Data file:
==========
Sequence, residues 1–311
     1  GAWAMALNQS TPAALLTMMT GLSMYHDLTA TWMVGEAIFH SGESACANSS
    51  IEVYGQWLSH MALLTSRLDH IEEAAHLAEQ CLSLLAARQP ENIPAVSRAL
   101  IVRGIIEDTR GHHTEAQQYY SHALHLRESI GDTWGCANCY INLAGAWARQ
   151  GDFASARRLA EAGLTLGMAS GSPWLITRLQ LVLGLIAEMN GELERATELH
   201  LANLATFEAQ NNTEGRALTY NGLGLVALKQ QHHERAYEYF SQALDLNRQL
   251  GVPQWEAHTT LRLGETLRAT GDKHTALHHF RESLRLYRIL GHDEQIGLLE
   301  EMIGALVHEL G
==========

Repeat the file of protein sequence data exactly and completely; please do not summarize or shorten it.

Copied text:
Sequence, residues 1–311
     1  GAWAMALNQS TPAALLTMMT GLSMYHDLTA TWMVGEAIFH SGESACANSS
    51  IEVYGQWLSH MALLTSRLDH IEEAAHLAEQ CLSLLAARQP ENIPAVSRAL
   101  IVRGIIEDTR GHHTEAQQYY SHALHLRESI GDTWGCANCY INLAGAWARQ
   151  GDFASARRLA EAGLTLGMAS GSPWLITRLQ LVLGLIAEMN GELERATELH
   201  LANLATFEAQ NNTEGRALTY NGLGLVALKQ QHHERAYEYF SQALDLNRQL
   251  GVPQWEAHTT LRLGETLRAT GDKHTALHHF RESLRLYRIL GHDEQIGLLE
   301  EMIGALVHEL G